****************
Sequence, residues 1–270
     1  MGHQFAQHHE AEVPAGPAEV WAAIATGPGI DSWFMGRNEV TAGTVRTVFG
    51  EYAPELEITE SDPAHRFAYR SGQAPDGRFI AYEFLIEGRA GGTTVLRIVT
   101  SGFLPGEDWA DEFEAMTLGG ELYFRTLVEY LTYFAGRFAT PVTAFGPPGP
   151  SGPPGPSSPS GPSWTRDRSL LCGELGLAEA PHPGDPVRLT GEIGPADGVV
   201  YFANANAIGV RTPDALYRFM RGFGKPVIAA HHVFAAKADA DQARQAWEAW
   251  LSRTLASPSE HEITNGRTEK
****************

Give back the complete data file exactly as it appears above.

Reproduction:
Sequence, residues 1–270
     1  MGHQFAQHHE AEVPAGPAEV WAAIATGPGI DSWFMGRNEV TAGTVRTVFG
    51  EYAPELEITE SDPAHRFAYR SGQAPDGRFI AYEFLIEGRA GGTTVLRIVT
   101  SGFLPGEDWA DEFEAMTLGG ELYFRTLVEY LTYFAGRFAT PVTAFGPPGP
   151  SGPPGPSSPS GPSWTRDRSL LCGELGLAEA PHPGDPVRLT GEIGPADGVV
   201  YFANANAIGV RTPDALYRFM RGFGKPVIAA HHVFAAKADA DQARQAWEAW
   251  LSRTLASPSE HEITNGRTEK